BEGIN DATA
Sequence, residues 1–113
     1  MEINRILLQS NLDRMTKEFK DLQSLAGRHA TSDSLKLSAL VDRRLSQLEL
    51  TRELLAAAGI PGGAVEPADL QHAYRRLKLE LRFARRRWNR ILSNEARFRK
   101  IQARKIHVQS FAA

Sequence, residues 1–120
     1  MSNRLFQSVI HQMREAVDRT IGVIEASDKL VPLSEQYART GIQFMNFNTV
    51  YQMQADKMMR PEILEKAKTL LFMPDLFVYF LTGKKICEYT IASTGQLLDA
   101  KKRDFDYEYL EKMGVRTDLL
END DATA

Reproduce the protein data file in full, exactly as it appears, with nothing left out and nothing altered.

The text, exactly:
Sequence, residues 1–113
     1  MEINRILLQS NLDRMTKEFK DLQSLAGRHA TSDSLKLSAL VDRRLSQLEL
    51  TRELLAAAGI PGGAVEPADL QHAYRRLKLE LRFARRRWNR ILSNEARFRK
   101  IQARKIHVQS FAA

Sequence, residues 1–120
     1  MSNRLFQSVI HQMREAVDRT IGVIEASDKL VPLSEQYART GIQFMNFNTV
    51  YQMQADKMMR PEILEKAKTL LFMPDLFVYF LTGKKICEYT IASTGQLLDA
   101  KKRDFDYEYL EKMGVRTDLL